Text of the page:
Dr. John I. Goodlad, one of America’s most prominent educators, began his professional career at the most basic level: teaching in a one room schoolhouse.

For there he worked his way up the professional ladder by teaching every grade level possible. He has been the Dean of the U.C.L.A. Graduate School of Education and Professor of Education and Director of the Center for Educational Renewal at the University of Washington in Seattle.

Goodlad published his first article in 1955. Since then he has published 30 books, two hundred journal articles, and 80 book chapters. Goodlad’s output is prodigious, and given the wide range of subjects that he has written about, apparently holistic in his approach and views too.

Goodlad’s influential reputation as an educational researcher and theorist is tied to his investigation of American schools in the early 1980’s, A Study of Schooling, that he’s most noted for. In 1983, Goodlad published the results in a well-received book A Place Called School: Prospects for the Future.” The exhaustive study included 38 schools, 1,016 classrooms, 1,350 teachers, 8,624 parents, and 17,163 students. The work is considered by many to be one of the most important explorations of what goes on inside U.S. schools and classrooms.

I briefly met John Goodlad in 1982 when he visited Northside High School of the Atlanta Public Schools. He was being escorted around the school and entire system by the then superintendent Dr. Alonzo Crim, who introduced me. That was, for me, a personally meaningful moment, for I had quoted Goodlad in my doctoral dissertation An Evaluation of the Atlanta Public Schools Ethnic Heritage Studies Project’s Staff Development Processes, Multiethnic Resources, and Multicultural Press; Georgia State University, 1977. Goodlad included Northside High in his comprehensive study.

During the 1960’s, Goodlad was primarily concerned with the future of teaching and education. One area was boosting new technologies in the hope that educational delivery systems would be improved. Goodlad urged teachers and student to utilize computers and word processing as a new and important learning tool (Application of Electronic Data Processing in Education Methods, 1965, California University Press; Computers and Information systems in Education,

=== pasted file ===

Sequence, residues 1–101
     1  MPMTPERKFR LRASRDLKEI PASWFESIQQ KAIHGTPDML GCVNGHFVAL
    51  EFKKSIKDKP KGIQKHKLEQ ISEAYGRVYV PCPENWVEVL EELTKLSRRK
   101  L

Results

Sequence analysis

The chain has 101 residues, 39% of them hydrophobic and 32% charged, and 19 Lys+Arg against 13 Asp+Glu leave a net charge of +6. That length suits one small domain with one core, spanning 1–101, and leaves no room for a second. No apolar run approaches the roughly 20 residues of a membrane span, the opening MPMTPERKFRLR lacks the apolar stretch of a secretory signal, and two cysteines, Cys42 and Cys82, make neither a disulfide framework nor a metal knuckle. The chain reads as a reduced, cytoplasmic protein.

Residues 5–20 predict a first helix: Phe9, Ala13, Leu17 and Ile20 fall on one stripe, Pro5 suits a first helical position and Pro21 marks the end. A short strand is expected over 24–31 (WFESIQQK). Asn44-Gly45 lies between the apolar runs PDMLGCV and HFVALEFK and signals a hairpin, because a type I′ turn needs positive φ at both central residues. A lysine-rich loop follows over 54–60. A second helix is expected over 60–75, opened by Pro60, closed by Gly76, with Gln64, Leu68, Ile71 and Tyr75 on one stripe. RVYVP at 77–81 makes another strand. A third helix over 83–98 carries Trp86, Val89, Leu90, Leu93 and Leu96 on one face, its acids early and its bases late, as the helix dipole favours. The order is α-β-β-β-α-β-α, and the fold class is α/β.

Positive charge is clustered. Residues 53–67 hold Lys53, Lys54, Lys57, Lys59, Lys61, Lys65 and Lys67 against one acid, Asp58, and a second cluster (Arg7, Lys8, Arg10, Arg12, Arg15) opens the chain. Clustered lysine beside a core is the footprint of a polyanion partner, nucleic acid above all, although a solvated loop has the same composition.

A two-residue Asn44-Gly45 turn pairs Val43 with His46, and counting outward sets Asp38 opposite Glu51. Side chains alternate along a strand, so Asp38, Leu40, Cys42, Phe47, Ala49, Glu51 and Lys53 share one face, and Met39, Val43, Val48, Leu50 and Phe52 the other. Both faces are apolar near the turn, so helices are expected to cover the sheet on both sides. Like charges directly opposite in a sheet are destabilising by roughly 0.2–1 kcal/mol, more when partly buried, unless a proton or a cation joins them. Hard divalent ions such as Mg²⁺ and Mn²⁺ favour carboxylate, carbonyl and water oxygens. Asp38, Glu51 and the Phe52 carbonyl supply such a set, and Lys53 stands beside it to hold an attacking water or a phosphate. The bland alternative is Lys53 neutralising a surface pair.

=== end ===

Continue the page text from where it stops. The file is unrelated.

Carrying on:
1966, Harcourt, Brace, World.

In the Future of Learning and Teaching, National Education Association, Washington, D.C., Center for the Study of Instruction, 1968, Goodlad predicted that “the era of man-machine interaction will replace the current era. We must identify the truly human tasks of the human teacher and the more routine, highly programmed tasks which can be done better by the computer…..It, school, will be replaced by a diffused learning environment – homes with computer consoles, public parks and museums, and an array of guidance and programming centers in which the formal process on instruction must involve all the most able members of our society.”

Goodlad also conducted a rigorous search for a conceptual system in which the central problems of curriculum development and instructional innovation could be identified and related to each other – The Development of a Conceptual System for Dealing with Problems of Curriculum and Instruction, 1966. He took into account the influence of values, educational aims, and learning opportunities upon curriculum development. A major emphasis was that one cannot legitimately deduce educational ends from values, or learning opportunities from educational ends, simply on the basis of logic or common sense alone.

During the 1970’s, Goodlad wrote on a number of emerging trends, issues, and ideas: global education, humanistic strategies and alternatives, change strategies, networking, leadership, the effectiveness of local school boards, and curriculum development.

In Education for Mankind, he stated that schools should incorporate a “unity of mankind” perspective into the elementary curriculum. Goodlad was reflecting the trend away from an America-centered view of the world towars a more internationalist perspective, or an evolution of International Relations courses into Global Studies.

In Perspective on Accountability, Phi Delta Kappan, 57;2; 108-112, Goodlad examined Michigan’s model of educational accountability and advised the state not to adopt it. His recommendation was based on the fact that there appeared to be few guidelines in policy and practice.

A Study of Schooling: Summary of Sampling, Data, Sources, Procedures

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